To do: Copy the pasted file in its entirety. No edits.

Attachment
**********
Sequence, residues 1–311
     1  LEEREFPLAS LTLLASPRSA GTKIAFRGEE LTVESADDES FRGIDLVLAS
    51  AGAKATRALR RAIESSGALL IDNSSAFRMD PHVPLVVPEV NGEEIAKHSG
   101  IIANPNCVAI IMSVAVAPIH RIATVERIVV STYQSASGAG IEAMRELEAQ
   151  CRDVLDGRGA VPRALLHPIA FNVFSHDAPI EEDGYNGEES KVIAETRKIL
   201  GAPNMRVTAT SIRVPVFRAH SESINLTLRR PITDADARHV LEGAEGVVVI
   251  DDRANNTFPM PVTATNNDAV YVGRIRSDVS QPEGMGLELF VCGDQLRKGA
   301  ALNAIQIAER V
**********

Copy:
Sequence, residues 1–311
     1  LEEREFPLAS LTLLASPRSA GTKIAFRGEE LTVESADDES FRGIDLVLAS
    51  AGAKATRALR RAIESSGALL IDNSSAFRMD PHVPLVVPEV NGEEIAKHSG
   101  IIANPNCVAI IMSVAVAPIH RIATVERIVV STYQSASGAG IEAMRELEAQ
   151  CRDVLDGRGA VPRALLHPIA FNVFSHDAPI EEDGYNGEES KVIAETRKIL
   201  GAPNMRVTAT SIRVPVFRAH SESINLTLRR PITDADARHV LEGAEGVVVI
   251  DDRANNTFPM PVTATNNDAV YVGRIRSDVS QPEGMGLELF VCGDQLRKGA
   301  ALNAIQIAER V